All great art is controversial – the new sweater is no exception.
For those ushering in the new Canucks era, the process of coming up with a new look was about as smooth as getting hit by truck. When you’re messing with a symbol that’s as closely attached to people’s hearts as the Canucks, you’re going to struggle.
“Doing a project like this is a combination of research, intuition, gut-feel, and sometimes personal taste for some of the people involved in the process,” said Zimmerman, who admitted that although the team is happy with the new look, he understands if not all the fans will feel the same – at least at first.
Having a multitude of previous looks, colours, and logos stacked up in the rearview mirrors didn’t exactly lessen the burden of re-branding the team sweater. With preference ranging from the original 1970’s stick-and-rink sweaters, to the pre-NHL Johnny Canuck look, and even the made-for-Halloween flying V’s, fan expectations were bound to be a formidable obstacle. Re-uniting Britney Spears and Justin Timberlake would’ve proved easier than designing a look with universal appeal.
In the end, the goal was to incorporate the best that history had to offer into a single design.
“The process of developing the new jersey was all about recognizing that probably more than most teams, we have quite a bank of different looks, feels and colours,” said Zimmerman. “What we needed to do was determine what were the elements that could both reflect the past as well as where we’re going in the future.”
Exactly what was tossed around the boardroom table? Nearly everything, including resurrecting the old Johnny Canuck logo. And while Wednesday’s unveiling showed that the popular lumberjack won’t be making a return this season, Zimmerman concedes that the door hasn’t necessarily been closed just yet.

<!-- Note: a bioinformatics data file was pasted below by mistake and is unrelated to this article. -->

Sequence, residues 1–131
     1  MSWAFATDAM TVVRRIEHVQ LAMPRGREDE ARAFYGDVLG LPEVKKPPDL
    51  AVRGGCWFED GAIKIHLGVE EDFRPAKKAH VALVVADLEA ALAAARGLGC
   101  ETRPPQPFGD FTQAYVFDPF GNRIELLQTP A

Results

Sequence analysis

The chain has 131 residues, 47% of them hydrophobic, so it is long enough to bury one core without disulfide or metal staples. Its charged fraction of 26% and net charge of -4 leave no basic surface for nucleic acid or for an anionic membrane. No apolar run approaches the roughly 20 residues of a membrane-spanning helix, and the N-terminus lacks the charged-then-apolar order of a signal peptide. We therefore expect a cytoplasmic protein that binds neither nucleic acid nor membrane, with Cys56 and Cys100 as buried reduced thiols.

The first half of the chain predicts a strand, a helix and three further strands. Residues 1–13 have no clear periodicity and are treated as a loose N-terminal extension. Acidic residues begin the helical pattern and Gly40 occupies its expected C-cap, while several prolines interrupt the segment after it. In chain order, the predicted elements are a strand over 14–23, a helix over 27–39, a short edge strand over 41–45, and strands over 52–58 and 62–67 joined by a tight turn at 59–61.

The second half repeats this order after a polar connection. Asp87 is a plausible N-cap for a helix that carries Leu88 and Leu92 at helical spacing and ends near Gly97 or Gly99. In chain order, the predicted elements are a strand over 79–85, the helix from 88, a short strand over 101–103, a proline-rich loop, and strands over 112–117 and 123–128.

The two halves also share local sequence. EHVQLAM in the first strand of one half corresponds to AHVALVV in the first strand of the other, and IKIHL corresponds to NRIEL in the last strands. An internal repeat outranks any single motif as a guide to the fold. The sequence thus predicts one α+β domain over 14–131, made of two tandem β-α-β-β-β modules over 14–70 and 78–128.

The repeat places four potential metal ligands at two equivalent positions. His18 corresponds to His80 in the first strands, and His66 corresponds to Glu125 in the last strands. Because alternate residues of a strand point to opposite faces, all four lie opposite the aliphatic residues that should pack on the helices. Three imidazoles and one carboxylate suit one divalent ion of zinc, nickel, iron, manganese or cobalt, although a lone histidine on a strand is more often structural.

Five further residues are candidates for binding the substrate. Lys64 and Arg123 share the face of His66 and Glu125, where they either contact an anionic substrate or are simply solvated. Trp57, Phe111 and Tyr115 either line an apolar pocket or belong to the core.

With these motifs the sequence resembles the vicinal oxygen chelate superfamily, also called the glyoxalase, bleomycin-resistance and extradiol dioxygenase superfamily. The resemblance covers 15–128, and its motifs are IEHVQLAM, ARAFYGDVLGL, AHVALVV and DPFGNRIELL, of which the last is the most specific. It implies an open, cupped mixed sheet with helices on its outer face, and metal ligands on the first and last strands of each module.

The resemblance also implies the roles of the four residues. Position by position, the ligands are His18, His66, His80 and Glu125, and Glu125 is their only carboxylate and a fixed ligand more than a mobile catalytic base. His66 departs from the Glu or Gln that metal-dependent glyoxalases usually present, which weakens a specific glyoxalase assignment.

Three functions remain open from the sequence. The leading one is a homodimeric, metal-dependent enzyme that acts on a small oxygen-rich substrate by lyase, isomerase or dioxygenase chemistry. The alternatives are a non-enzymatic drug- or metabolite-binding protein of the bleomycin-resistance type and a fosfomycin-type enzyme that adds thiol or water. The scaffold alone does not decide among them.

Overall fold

“[Johnny Canuck] was part of the exploration. Obviously we didn’t make that decision. We have that opportunity [in the future] if we choose to.” WE ARE ALL CANUCKS
Canucks.com rounded up several fans eager to share their thoughts on their favourite jerseys of all-time, as well as what they thought of the Canucks new look. While the general consensus was resoundingly positive, some fans admitted they might need some time to get used to seeing ‘Vancouver’ printed across their chests.
“I like the old colours with the new symbol, but the ‘Vancouver’ is a little bit much. We already know where we live,” said one fan.
Others seemed to approve of the new look, but think the team might have been better suited to stick with the vintage logo as the primary mark.
“They’re very nice, but I like the old ones though,” said another.
And while there was no consistent opinion, there was no debate about the passion fans showed in packing into General Motors Place on one of the rare pristine days this summer.
“To see as many people out today for the release of the jersey just tells you how special the Canucks are in the community,” said Port McNeill, B.C.-native Willie Mitchell. “It’s a big deal - it’s the Canucks. Everyone from B.C. wants to know what’s going on.”
Linden echoed the sentiments.
“It seems like every year I’ve been here the team gets more and more popular. People are very passionate about the team and its successes. I think it really shows here when you have 8,000 people out to a jersey unveiling in the middle of a summer day like this.”
With the new sweater launched, the only hurdle to the season start is training camp which opens September 7th in Victoria, B.C. And yes, they’ll be sporting the new threads, though public sales won’t begin till September 14th when the league begins selling new duds across North America.